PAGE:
Tracy Obolsky, a New York City pastry chef turned newly minted bakery owner, shares her tips on how to perfect your holiday pie.

By Elyse Inamine
Updated May 24, 2017
© Con Poulos

If Tracy Obolsky can turn a fluffy sticky bun into a smooth, silky sundae, as she did in the past at North End Grill in New York City during her time as pastry chef, then she can certainly fix your nagging pie problems this Thanksgiving.

“This is the first time I won’t be in a restaurant, so I’m going way overboard with dessert,” says Obolsky.

The former restaurant pastry chef, celebrated for her nostalgia-driven desserts, is dreaming of making three pies for the family (in addition to her grandma’s cranberry coffee cake and pumpkin whoopie pies).

And the list keeps growing, especially now after she’s just signed a lease to turn her semi-secret pop-up Rockaway Beach Bakery into a full-fledged bakery in the same beachy queens neighborhood. She’s hoping to open up shop in February.

For now, though, Obolsky has her eye on the Thanksgiving prize: perfect pies. Here’s how she fixes chronic pie problems:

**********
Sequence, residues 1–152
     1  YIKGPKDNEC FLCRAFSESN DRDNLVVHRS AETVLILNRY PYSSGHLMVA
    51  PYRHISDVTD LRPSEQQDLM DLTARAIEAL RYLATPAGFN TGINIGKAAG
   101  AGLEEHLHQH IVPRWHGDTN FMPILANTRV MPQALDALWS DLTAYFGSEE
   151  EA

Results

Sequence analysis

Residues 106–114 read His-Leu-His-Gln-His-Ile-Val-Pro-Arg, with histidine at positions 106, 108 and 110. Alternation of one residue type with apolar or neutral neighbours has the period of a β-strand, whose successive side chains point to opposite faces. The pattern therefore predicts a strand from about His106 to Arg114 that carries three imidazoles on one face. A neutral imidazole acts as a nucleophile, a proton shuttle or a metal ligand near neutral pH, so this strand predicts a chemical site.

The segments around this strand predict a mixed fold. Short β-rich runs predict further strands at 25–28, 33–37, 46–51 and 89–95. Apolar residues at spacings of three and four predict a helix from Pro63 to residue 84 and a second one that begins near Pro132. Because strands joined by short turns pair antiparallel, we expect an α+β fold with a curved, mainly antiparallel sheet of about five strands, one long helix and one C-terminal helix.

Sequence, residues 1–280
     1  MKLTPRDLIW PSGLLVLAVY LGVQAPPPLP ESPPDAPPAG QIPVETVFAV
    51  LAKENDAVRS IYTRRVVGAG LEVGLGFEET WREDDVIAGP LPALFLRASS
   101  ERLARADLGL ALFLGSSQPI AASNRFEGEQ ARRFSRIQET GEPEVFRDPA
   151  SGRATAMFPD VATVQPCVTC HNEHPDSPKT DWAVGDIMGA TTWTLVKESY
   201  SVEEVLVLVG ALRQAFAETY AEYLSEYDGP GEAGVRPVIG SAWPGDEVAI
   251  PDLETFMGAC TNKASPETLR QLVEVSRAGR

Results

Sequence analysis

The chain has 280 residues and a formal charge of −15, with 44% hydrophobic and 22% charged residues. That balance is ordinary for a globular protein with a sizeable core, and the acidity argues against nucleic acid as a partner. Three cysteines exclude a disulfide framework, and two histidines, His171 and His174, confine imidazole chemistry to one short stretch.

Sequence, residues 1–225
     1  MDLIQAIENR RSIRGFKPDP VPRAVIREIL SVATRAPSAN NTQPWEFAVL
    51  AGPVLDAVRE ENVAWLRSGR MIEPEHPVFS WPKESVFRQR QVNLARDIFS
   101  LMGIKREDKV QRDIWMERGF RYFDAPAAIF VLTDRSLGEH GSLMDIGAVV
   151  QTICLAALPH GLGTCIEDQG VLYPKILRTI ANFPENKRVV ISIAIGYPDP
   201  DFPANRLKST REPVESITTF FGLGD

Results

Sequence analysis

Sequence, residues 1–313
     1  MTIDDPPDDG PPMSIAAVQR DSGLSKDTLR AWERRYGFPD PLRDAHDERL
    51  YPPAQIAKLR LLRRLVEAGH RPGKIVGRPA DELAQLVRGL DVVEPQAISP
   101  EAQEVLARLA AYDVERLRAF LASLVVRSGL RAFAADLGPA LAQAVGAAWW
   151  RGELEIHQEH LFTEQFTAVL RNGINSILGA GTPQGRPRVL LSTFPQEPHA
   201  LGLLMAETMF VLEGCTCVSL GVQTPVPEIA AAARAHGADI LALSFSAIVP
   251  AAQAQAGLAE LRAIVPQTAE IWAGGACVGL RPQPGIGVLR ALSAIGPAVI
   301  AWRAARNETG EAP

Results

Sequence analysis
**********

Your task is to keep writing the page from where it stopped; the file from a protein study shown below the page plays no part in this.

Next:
The Problem: Soggy-bottomed crust

The Solution: Blind bake!

“It’s the worst thing when the bottom of your pie crust is raw,” says Obolsky. But it’s easy to fix when you discover the wonder that is blind baking, aka baking the crust ahead of time without the filling (and dried beans in place of pie weights because “they don’t get as hot as porcelain or metal ones”). She normally pops the crust into a 325-degree oven for 30 to 40 minutes with the weights, then without and with a slick of egg wash for another 7 to 15 minutes.

The Problem: Watery filling

The Solution: Mix à la minute.

Water. It’s the thing that makes apples, berries and stone fruits so juicy and crisp but pie fillings soupy if not carefully assembled. Toss together the fruits with sugar and other spices only just before pulling together the pie. “Sugar is a hydroscopic, so it draws moisture,” says Obolsky. “As soon as you mix it, it will get wetter.”

The Problem: Oozing, falling-apart slices

The Solution: Cool down.

After all the elbow grease put into the crust and hours of waiting, the last thing you want to see if your slices of pie to collapse before your guests as you serve. “It benefits a lot of pies to make them the day before, so they can completely cool before you cut them and the filling is set up and not runny.” However, if you didn’t plan ahead, then at least leave the pie to cool down for 2 to 3 hours before serving.